The JC’s amateur guide to systems theory™
All other things being equal, a bummer — if you have in mind risk — and a boon — if you have in mind reward. A violation of Occam’s razor; a source of confusion, a time-sink, a material contributor to catastrophic normal accidents; a waste — yet in a distributed network of autonomous bodies, an inevitability. The more sophisticated the group of individuals, the greater the rate of complexification.
Complexity as a bummer
- Space Shuttle Challenger
- Any financial calamity you care to mention
Complexity as a boon
Complicated versus complex
Things can be merely complicated without being complex. Complicated problems are naturally difficult, but you can solve them with rules and algorithms. The systems and processes, by which The Man commands and controls employees can manage this kind of complicatedness.
Algorithms, systems and processes don’t work for complex problems, however. Complex problems involve independent, autonomous agents interacting in un-anticipatable ways. No pre-defined rule-set can anticipate the interactions. Black swans, technology disruptions but also interlocking complicated systems (nuclear power plants, space shuttles, air-traffic control systems are complex.
Identify your systems
Is your system simple, complicated or complex?
Simple systems: simple systems are situations where essentially inanimate objects interact with each other in ways that are fully understood. Lego is a simple system. So is a cake recipe, or a bungee jump. The components of a simple system don’t fight back. Simple systems are therefore predictable. They can
only go wrong if components fail or you don’t follow instructions. In either case they fail in predictable ways. As such, simple systems are suitable for checklists, recipes etc, where algorithms can overcome the hubris that will surely rain down on the heads of those who treat simple processes as trivial. Disinfecting your instruments before performing heart surgery, for example, is a simple step to take, but not a trivial one.
Complicated systems require interaction with autonomous agents whose specific behaviour is beyond the observer’s control, and might be intended to defeat the observer’s objective, but whose range of behaviour is deterministic, rule-bound and known and can be predicted in advance, and where the observer’s observing behaviour does not itself interfere with the essential equilibrium of the system.
You know you have a complicated system when it cleaves to a comprehensive set of axioms and rules, and thus it is a matter of making sure that the proper models are being used for the situation at hand. Chess and Alpha Go are complicated, but not complex, systems. So are most sports. You can “force-solve” them, at least in theory.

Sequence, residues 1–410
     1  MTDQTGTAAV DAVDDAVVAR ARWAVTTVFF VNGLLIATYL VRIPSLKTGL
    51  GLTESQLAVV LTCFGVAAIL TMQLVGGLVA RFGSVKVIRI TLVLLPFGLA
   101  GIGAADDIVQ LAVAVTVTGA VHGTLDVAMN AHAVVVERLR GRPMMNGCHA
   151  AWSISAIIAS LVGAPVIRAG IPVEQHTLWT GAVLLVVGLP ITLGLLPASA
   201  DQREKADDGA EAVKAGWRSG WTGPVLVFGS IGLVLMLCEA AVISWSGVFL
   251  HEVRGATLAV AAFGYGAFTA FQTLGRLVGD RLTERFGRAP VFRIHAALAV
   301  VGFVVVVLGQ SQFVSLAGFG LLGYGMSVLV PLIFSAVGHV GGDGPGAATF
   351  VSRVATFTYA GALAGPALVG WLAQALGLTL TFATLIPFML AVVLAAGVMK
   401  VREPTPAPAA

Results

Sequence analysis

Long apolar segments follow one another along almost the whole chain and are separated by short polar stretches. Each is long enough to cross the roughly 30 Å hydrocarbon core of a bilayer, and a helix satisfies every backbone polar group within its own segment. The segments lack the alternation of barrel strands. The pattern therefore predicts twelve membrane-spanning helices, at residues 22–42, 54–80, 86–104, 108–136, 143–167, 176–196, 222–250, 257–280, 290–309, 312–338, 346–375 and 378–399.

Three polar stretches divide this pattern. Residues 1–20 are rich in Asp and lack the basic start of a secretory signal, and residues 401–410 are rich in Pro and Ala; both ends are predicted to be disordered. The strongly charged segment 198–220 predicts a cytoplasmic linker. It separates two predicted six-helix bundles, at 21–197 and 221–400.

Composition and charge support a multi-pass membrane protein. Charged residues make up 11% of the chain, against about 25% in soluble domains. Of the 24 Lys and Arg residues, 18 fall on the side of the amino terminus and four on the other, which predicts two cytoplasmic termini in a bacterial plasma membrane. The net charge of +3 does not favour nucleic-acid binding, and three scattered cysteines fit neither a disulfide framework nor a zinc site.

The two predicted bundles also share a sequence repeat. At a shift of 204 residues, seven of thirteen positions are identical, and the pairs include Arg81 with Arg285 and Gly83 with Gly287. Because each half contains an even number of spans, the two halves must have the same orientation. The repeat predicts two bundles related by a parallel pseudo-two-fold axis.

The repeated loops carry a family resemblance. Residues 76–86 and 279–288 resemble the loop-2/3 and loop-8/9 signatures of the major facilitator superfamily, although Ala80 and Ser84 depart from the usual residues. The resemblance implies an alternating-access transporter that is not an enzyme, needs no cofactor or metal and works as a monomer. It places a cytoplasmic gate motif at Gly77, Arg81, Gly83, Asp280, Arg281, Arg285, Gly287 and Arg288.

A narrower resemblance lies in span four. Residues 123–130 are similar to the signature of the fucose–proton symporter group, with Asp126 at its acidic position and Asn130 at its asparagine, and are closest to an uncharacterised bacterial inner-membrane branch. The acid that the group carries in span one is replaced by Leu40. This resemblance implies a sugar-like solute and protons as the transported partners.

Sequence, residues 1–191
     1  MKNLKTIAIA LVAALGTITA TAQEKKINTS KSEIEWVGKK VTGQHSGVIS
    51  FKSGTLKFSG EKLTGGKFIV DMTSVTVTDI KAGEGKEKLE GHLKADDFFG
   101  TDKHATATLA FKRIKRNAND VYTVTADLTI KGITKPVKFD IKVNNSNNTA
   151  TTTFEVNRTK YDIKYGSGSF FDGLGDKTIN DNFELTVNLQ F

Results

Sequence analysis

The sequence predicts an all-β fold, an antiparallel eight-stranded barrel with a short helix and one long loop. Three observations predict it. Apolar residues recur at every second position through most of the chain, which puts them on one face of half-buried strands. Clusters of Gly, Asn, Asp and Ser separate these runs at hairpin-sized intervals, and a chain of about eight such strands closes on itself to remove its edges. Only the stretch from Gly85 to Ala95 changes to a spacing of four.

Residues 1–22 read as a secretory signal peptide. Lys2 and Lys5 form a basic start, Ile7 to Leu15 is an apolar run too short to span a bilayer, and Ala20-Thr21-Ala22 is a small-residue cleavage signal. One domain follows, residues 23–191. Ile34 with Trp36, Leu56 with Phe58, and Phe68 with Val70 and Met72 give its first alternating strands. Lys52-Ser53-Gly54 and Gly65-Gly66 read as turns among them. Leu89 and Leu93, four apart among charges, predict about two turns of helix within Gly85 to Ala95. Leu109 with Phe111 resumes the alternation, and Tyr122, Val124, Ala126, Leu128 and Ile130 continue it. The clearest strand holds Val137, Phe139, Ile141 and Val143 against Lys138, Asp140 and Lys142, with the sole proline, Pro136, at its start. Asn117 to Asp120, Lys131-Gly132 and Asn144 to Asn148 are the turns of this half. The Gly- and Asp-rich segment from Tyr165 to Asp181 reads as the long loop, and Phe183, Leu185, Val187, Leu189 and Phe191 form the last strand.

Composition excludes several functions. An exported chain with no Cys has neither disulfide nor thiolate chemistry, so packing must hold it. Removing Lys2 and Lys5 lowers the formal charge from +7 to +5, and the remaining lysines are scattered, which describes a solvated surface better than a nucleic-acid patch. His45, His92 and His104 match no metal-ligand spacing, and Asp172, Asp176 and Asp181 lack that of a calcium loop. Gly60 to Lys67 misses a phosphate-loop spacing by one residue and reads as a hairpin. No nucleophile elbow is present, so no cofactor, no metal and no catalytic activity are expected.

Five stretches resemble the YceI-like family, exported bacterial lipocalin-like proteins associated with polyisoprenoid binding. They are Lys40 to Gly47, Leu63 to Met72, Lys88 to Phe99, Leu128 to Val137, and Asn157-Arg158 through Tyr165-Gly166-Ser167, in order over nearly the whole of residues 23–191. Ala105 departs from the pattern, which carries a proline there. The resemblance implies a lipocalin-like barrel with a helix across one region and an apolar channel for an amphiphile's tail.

Complicated systems benefit from skilled management and some expertise to operate: a good chess player will do better than a poor one, and clearly a skilled, fit footballer can execute a plan better than a wheezy novice — but in the right hands and given good instructions even a mediocre player can usually manage without catastrophe. While success will be partly a function of user’s skill and expertise, a bad player with a good plan may defeat a skilled player with a bad one.
Complex systems present as “wicked problems”. They are dynamic, unbounded, incomplete, contradictory and constantly changing. They comprise an indefinite set of subcomponents that interact with each other and the environment in unexpected, non-linear ways. They are thus unpredictable, chaotic and “insoluble” — no algorithm can predict how they will behave in all circumstances. Probabilistic models may work passably well most of the time, but the times where statistical models fail may be exactly the times you really wish they didn’t, as Long Term Capital Management would tell you. Complex systems may comprise many other simple, complicated and indeed complex systems, but their interaction with each other will be a whole other thing. So while you may manage the simple and complicated sub-systems effectively with algorithms, checklists, and playbooks — and may manage tthe system on normal times, you remain at risk to “tail events” in abnormal circumstances. You cannot eliminate this risk: accidents in complex systems are inevitable — hence “normal”, in Charles Perrow’s argot. However well you manage a complex system it remains innately unpredictable.
- Conway’s Game of Life
- Normal distribution
- Normal Accidents: Living with High-Risk Technologies by the magnificent Charles Perrow.
- See: The Checklist Manifesto.